I’m not sure what happened, but a few years back, I became a pretty terrible sleeper. On an average weeknight, I’d fall asleep just fine around midnight, but then for no good reason I would wake up at like 4 a.m. and be unable to fall back asleep.
Instead, I’d just kind of loiter in bed, reading, listening to podcasts or playing FIFA 15 on my phone, and by the time I closed my eyes again, a solid hour or more had gone by, and I’d feel not entirely awesome when the alarm went off at 8 o’clock. Seriously, at least half the time I was pretty much a zombie.
So recently I was pretty psyched to try out the famous Casper mattress ($500 to $950, depending on size), which I’d been hearing about in ESPN Radio ads (and seeing on subway signs) for months. (Side note: Is there anything good on ESPN Radio anymore? Now that SVP and Cowherd are gone, it’s kind of a tough listen. Please don’t say Mike & Mike.)
The mattress is cool and comfortable, with just enough sponginess to slump onto without sinking into, if you know what I mean.
Anyway, the basic goal of Casper is to take the fuss out of mattress shopping and purchasing. They make ultra-comfortable mattresses and ship them right to your door in a big blue-and-white box. You’ve got a hundred days to try one out, with the option to send it back if you’re not satisfied.
My own Casper mattress showed up just as advertised. All I had to do was sign for it, take it into my bedroom and open it up. Casper gives very detailed instructions about the unfurling of their product, which is actually rolled up inside the box. The best move is to unbox it right next to the bed so that when it comes to life, you can just kinda shift it into place on the box springs, throw your sheets and comforter on top and be all set. I did so and was good to go.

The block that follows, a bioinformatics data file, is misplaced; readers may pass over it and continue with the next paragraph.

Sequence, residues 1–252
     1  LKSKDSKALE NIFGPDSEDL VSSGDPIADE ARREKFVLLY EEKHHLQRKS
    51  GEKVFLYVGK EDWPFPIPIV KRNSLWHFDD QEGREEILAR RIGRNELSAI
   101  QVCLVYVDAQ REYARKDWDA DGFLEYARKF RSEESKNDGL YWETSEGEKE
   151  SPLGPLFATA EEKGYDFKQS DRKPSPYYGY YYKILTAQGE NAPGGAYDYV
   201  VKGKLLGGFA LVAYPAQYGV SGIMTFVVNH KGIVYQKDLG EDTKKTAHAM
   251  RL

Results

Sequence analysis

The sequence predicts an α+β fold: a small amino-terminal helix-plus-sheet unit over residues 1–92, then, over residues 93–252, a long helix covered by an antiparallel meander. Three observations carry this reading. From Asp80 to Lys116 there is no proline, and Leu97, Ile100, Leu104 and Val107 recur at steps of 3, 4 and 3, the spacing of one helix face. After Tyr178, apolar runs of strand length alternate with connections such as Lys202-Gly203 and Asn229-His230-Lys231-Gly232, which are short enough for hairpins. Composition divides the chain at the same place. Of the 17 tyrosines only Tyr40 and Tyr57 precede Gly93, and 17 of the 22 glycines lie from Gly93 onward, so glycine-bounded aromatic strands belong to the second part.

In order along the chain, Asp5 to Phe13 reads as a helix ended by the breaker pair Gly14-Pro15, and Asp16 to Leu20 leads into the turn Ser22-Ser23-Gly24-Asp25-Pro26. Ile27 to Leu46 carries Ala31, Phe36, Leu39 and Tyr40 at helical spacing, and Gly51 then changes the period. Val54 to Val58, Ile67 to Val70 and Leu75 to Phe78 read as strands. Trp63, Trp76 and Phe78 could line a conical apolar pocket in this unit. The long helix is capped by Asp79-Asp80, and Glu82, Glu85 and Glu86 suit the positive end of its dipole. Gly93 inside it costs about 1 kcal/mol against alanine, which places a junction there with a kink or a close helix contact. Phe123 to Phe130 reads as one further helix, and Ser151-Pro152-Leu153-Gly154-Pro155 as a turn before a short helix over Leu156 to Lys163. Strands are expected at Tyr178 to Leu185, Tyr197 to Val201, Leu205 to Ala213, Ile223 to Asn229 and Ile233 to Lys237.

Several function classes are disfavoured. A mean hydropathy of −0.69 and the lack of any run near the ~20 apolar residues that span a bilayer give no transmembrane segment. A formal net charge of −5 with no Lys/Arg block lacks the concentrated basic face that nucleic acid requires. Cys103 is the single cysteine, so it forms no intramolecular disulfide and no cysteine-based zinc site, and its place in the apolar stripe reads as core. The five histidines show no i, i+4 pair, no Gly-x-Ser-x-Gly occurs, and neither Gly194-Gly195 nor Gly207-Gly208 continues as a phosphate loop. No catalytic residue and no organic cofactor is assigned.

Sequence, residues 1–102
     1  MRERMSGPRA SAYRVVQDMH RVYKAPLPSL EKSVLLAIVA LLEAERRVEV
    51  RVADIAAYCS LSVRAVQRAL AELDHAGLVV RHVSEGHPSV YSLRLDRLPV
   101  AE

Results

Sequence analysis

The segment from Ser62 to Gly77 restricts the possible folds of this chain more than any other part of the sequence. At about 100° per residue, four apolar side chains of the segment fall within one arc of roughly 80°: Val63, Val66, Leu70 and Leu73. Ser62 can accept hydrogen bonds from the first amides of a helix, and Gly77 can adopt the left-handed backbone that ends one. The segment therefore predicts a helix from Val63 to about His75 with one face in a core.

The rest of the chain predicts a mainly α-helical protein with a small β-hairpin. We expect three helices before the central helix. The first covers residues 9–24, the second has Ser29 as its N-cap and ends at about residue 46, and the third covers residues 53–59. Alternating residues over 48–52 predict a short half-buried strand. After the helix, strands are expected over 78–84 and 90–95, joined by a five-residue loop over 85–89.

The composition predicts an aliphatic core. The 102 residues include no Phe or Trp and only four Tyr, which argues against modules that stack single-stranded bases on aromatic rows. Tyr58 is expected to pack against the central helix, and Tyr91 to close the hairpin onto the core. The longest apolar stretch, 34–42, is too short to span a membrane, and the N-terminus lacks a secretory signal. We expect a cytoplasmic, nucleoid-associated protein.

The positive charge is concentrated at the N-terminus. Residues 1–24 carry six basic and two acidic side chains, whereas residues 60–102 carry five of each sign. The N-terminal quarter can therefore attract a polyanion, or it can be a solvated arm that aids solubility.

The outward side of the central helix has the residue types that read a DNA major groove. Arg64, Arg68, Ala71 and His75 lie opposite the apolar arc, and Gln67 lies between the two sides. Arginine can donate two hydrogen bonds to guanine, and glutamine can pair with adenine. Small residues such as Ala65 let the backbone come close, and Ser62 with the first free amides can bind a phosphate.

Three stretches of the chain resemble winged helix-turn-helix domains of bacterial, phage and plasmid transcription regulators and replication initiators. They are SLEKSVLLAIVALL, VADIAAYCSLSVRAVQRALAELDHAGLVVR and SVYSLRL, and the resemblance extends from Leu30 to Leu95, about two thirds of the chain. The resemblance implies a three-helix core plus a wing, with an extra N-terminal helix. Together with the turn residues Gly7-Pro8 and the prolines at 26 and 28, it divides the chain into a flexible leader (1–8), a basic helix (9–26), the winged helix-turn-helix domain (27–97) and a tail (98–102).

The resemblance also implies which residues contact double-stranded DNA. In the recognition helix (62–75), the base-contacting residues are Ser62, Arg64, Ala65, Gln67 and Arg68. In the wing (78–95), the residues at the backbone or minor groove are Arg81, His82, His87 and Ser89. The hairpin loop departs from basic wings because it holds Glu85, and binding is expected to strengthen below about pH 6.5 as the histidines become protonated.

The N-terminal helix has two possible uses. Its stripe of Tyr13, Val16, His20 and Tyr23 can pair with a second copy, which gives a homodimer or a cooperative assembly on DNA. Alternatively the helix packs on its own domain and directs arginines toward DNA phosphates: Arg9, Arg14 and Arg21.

Now, how is the actual experience of sleeping on a Casper? I have been using mine for a solid three months now, so it’s safe to say I’ve tested it pretty thoroughly. And so far the sleeping has been, in a couple words, pretty great. The mattress is cool and comfortable, with just enough sponginess to slump onto without sinking into, if you know what I mean.
I’d had my previous mattress for probably a decade, so it was high time to get something more modern and supportive, and the Casper has definitely fit the bill. Combined with my jersey-knit sheets (what can I say, they’re comfy), the overall feeling is one of homey relaxation. Clearly the good people of Casper know what they are doing.
Now, I’d love to tell you that I no longer wake up in the middle of the night for no good reason, but the reality is, it still happens. However, the frequency has dropped from, you know, every night, to just a few nights a week, so that’s a huge improvement.
The Casper mattress and box: Girl not included.
I attribute that change to both Casper’s comfort and following some of the steps in an article I read, “12 Simple Ways to Improve Your Sleep.” Two of the best tips: Keep your room temp between 65 and 70 degrees, which results in deeper sleep, and don’t drink caffeine after 2 p.m., as it possesses sleep-disrupting properties.
The other thing that has actually helped me sleep with more peace of mind? Something I read on Casper’s excellent sleep blog in a story called, The 10 Biggest Sleep Myths Keeping You Awake At Night. The very last myth the story busts: You need 8 straight hours of sleep.
According to the piece: “In recent years, segmented sleep has been the subject of a growing body of research. Historians have long argued that humans have predominantly taken their sleep in two distinct chunks at night, separated by a period of wakefulness. Many scholars consider a segmented, or bi-modal sleep to be the natural pattern of human sleep, backed up by historical evidence spanning hundreds of years. Medieval literature repeatedly mentions ‘first’ and ‘second’ sleep, and it is thought that even Homer, in Ancient Greek times made a reference to first sleep.”
In other words, I’m not a total freak. I’m just a bi-modal sleeper. So nowadays when I wake up in the middle of the night, I don’t fight it. I embrace it, get out of bed, do a few things around my place. Sometimes, if it’s close enough to the actual morning, I’ll even start to do morning routine stuff, like shave and eat.
Then, after a half-hour or so, I settle back onto my Casper, close my eyes and try to soak up a few more hours of simple shut-eye before the sun rises once again. As far as I can tell, it’s a lot better than walking around like a zombie.